Alexandra Engler

mbg Beauty Director

By Alexandra Engler

mbg Beauty Director

Alexandra Engler is the beauty director at mindbodygreen and host of the beauty podcast Clean Beauty School. Previously, she’s held beauty roles at Harper’s Bazaar, Marie Claire, SELF, and Cosmopolitan; her byline has appeared in Esquire, Sports Illustrated, and

crepey leg of an older woman

Image by Eloisa Ramos / Stocksy

March 29, 2023

Menopause may be a normal stage of life, but nobody said it was fun. There are sudden and steep drops in hormones, notably estrogen and progesterone. These sex hormones play several critical roles in our bodies, including a pretty big one in our skin. See, when people hit menopause, they experience a 30% drop in collagen1. That’s in comparison to the steady 1% per year decline in collagen we see typically. 

Luckily, there’s a lot we can do to support healthy skin aging. Let’s dive in.


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How menopause affects collagen production

Hormones influence our skin cells in ways big and small. One of the bigger ways? Collagen production. 

Estrogen2 is key for the normal functioning of the skin as well as the blood vessels, hair follicles, oil glands, and our pigment-producing cells called melanocytes. It is associated with collagen production, increased skin thickness, increased hyaluronic acid production, improved skin barrier function, maintaining skin hydration, reduced sebaceous (oil) gland activity, and improved healing. It also plays a role in modulating inflammation3,” board-certified dermatologist Keira Barr, M.D., previously told us about menopause’s effect on the skin. “The bottom line is that there are changes in skin tone, texture, and pigmentation showing up as a dull complexion, skin sagging, wrinkles, thinning hair, and more prominent ‘age spots.'”

You can see how the major drop in estrogen can account for the major drop in collagen. Not only does your natural production of this hormone decline, but since much less of it is there to help support a healthy inflammatory response at the cellular level, that can further degrade otherwise healthy collagen cells.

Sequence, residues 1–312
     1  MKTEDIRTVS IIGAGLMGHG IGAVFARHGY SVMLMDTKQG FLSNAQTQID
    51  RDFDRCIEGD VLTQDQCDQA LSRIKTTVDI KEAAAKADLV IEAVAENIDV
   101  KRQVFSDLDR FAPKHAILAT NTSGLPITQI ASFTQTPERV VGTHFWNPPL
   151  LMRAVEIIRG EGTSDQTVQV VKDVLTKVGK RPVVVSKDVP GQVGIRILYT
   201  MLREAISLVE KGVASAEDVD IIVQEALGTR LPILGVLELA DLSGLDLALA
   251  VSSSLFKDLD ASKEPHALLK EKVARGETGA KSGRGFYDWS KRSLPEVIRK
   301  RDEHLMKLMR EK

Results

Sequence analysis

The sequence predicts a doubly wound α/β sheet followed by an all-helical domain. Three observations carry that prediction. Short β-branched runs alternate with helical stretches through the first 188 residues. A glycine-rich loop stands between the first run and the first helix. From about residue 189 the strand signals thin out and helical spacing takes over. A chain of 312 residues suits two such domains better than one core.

How to encourage collagen production

If you are looking for ways to support your skin’s natural collagen levels, collagen supplements are a great place to start.* Collagen supplements contain hydrolyzed collagen peptides that are able to be absorbed by the body.* Once absorbed, they then travel to your skin’s fibroblasts, or the part of the cell that actually creates more collagen and elastin.* These peptides support and encourage healthy fibroblasts4: Healthy fibroblasts lead to enhanced natural collagen production—ideally helping your skin offset some of the loss that comes during this time (the menopausal collagen gap, if you will).* 

mindbodygreen’s beauty & gut collagen+ also contains other actives that can help skin look and feel its best at any stage of your life.* The powder contains various antioxidants—like vitamins C and E, SGS, and curcumin—that neutralize free radical damage, combat oxidative stress, and help skin appear more vibrant.* Not only that, but it can also contains hyaluronic acid, which can help enhance skin hydration (dryness is a notorious facet of menopause).*


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The takeaway

Adding collagen supplements can help your body produce collagen and elastin naturally.* These skin-critical proteins are inherent in skin’s elasticity and smoothness. You may also consider finding a smart collagen supplement that has added benefits, like antioxidants, to help keep your skin healthy as you age.* 

If you are pregnant, breastfeeding, or taking medications, consult with your doctor before starting a supplement routine. It is always optimal to consult with a health care provider when considering what supplements are right for you.